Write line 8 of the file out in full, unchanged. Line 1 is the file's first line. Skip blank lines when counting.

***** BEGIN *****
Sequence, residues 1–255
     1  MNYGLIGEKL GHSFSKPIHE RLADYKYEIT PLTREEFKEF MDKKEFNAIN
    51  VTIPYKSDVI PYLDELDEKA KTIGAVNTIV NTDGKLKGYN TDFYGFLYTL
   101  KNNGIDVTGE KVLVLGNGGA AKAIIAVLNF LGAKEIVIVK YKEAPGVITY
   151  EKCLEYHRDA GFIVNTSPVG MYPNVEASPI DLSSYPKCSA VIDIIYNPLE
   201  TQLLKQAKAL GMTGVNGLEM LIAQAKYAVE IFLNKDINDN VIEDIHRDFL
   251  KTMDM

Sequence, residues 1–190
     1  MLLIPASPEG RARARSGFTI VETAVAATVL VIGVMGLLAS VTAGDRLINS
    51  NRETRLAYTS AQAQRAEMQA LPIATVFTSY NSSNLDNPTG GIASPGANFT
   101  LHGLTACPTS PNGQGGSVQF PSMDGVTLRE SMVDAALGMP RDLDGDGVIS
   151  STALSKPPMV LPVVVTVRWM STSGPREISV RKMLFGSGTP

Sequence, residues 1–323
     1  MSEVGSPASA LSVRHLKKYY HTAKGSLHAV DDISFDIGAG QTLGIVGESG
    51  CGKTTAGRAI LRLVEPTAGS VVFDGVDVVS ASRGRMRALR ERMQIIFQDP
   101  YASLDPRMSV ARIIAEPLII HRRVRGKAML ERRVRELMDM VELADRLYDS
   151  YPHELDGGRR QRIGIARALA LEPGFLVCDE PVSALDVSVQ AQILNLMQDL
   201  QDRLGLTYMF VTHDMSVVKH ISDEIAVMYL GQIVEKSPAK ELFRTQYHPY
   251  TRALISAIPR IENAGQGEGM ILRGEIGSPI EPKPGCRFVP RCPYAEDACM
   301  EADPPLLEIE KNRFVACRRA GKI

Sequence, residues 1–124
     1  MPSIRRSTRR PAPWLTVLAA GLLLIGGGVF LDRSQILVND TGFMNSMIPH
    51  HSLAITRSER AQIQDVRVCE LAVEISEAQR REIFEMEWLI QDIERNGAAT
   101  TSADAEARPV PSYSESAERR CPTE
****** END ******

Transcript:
Sequence, residues 1–190